Salome at the Washington National Opera

The horizon looks
brighter these days, thanks to a brand-new production of Richard Strauss’
decadent blockbuster, Salome (1905), based on Oscar Wilde’s
infamous play. Staged by a sought-after drama and opera director Francesca
Zambello, this production is an impressive experience. The central element of
the set is a floor-to-ceiling, transparent plastic curtain that separates the
dark courtyard of the proscenium, with the cistern at its center, from the
illuminated banquet table at the back of the stage. In her comments about the
production, Zambello discusses her vision of Herod’s court being trapped
in an endless cheery feast, as imprisoned in its public role as Jokanaan is in
his cistern, and much less free. The plastic indeed gives an impression both of
artificiality and of being enclosed, wrapped up, vacuum-sealed. Additionally,
it provides a grateful surface for the lighting designer Mark McCullough, whose
vivid colors flooding the stage in gold, blue, purple, and blood-red glow is
one of the most important aspects of the production.

The main attraction of the evening was acclaimed American dramatic soprano
Deborah Voigt as Salome. Throughout the performance, Voigt had no trouble
defending her reputation as one of today’s definitive interpreters of
this fiendishly complex role. I say this despite the fact that the
singer’s low register is much less powerful than her high, so some
phrases, especially in the chatty opening scenes, tended to get lost in the
orchestral fabric, for no live performer of this role can expect to carry its
every note equally; the only perfect Salome is a recorded one. What is perhaps
most fascinating about a staged production of this opera is watching the lead
singer read the title role. Which of the numerous possible variations of
Salome’s character, her relationship to her family, and the motivations
for her obsession are we going to see? Is this Salome to be condemned or
redeemed; is she a victor or a victim?

Voigt’s interpretation seems to follow what one might call a Teresa
Stratas model. She plays Salome “young”; vulnerable and strangely
innocent, she is like a spoilt, mischievous child longing for a toy, trying to
articulate her desires more to herself than to their object. The
director’s reading of the story suggests that although Salome is
habitually molested not only by her stepfather, but also the soldiers of the
palace guard, she is not mature enough to process the experience. She flirts
with anyone who has the power of getting her what she wants, but seems not to
comprehend her counterparts’ reactions to her presence. In her unguarded
moments, she responds with an almost violent repulsion to any male’s
physical proximity to her, however innocent. Thus, we begin to understand her
immediate fascination with the hidden Jokanaan: she is attracted to his
“absence”; to the unreality of his disembodied voice carried
powerfully out of the cistern.

Salome is a dark opera; literally dark, as the libretto specifies a
nighttime setting, and psychologically dark, the story tailor-made for a
twisted Freudian reading. What struck me as unusual and unexpected in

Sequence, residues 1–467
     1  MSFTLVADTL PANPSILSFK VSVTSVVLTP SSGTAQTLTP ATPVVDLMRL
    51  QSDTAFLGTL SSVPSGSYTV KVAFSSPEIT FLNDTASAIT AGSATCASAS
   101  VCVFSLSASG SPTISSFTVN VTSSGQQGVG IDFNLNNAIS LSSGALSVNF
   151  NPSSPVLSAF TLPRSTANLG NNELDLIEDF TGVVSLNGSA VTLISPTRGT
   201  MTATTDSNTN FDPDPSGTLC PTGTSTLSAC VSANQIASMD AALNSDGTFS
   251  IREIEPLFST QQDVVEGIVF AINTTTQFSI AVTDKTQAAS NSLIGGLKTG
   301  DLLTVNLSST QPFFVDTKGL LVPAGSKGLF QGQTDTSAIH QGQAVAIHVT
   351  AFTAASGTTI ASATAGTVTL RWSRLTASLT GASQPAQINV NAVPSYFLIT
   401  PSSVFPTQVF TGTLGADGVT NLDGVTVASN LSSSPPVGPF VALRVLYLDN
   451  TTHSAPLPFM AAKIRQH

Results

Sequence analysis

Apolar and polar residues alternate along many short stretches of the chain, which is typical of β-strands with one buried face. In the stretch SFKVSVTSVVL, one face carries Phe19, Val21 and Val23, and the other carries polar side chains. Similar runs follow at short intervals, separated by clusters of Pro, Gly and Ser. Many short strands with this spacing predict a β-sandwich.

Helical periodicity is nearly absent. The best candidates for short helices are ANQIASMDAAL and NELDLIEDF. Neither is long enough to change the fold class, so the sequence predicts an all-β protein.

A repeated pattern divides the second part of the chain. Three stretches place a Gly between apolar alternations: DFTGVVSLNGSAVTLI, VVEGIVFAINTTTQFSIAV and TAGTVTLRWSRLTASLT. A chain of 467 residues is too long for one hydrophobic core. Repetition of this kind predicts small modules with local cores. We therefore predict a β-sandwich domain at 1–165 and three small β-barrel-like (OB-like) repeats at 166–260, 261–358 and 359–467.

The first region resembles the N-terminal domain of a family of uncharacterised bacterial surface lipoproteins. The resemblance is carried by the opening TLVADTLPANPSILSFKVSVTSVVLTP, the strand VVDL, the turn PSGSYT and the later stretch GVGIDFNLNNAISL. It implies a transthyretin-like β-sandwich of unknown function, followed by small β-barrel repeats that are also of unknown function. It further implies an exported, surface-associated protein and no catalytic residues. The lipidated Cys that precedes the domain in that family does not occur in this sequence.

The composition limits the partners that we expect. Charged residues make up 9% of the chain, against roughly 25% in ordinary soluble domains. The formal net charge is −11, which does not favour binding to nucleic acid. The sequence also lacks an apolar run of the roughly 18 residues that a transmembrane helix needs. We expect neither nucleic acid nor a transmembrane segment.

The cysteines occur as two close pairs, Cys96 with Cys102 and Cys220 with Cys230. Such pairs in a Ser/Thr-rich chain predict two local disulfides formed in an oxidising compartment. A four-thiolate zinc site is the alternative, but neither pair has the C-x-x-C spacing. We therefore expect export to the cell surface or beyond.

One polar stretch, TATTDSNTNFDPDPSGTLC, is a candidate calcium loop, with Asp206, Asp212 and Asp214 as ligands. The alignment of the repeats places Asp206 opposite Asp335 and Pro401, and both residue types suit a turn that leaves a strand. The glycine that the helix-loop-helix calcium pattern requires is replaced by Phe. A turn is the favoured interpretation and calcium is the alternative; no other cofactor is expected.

Voigt’s interpretation are the moments when she radiates a palpable sense
of joy, quiet shimmering contentment. The singer starts her final
“Apostrophe to the Head” softly, almost whispering.

Soffel_034_cr.gifDoris Soffel as Herodias

She takes her
time closing in on Jokanaan’s severed head, savoring the experience of
the first kiss (perhaps – or so Voigt would have us believe – it
really is her first one). This scene, often a place of unrestrained hysteria,
is understated, at times almost demure. Salome’s clothing incorporates a
gown of deep red (similar to Maria Ewing’s costume from the Covent Garden
production) over a white dress resembling the one Catherine Malfitano wears in
the Met staging. Yet, by the end of the scene, Voigt’s Salome is not
bathed in blood like Malfitano’s. Rather, only the tips of her fingers
are bloody, like a shiny manicure; she then touches her fingers to her cheeks,
as if applying rouge to match her pretty dress. This Salome does not embrace
the horror of the experience; her world is entirely outside it.

The only disappointing moment of the role was its most anticipated one
– the Dance of the Seven Veils. It seems that Zambello and the
choreographer, Yael Levitin Saban (or perhaps Voigt herself, depending on who
made the ultimate decision about how to stage the scene) could not make up
their minds about how risquÈ they wanted the dance to get. So, the veils came
off, but were immediately replaced by other veils (provided by four dancing
assistants – all, alas, much younger, thinner, and more flexible than the
star attraction). Voigt performed the dance herself rather than being replaced
by a double, but her efforts seemed half-hearted, with barely a movement of the
hips and much awkward arm waving. Finally, on the ultimate question: “to
strip or not to strip” (the question that every Salome watcher
wants answered!), the decision was apparently to do both (or neither?): at the
end of the dance, Voigt appeared in a thick, unfortunate-looking bodysuit for
about a chord and a half, before being covered with the veils again. Overall,
it looked like Herod made a bad bargain: this dance was not worth a hair off
the prophet’s head.

Panikkar,-Rhodovi,-Sumegi-a.gifNarraboth (Panikkar) and the Second Soldier (Rhodovi) look on anxiously as Salome (Voigt) tries to entice Jokanaan (Sumegi)

Particularly this prophet, for Australian bass-baritone Daniel Sumegi stole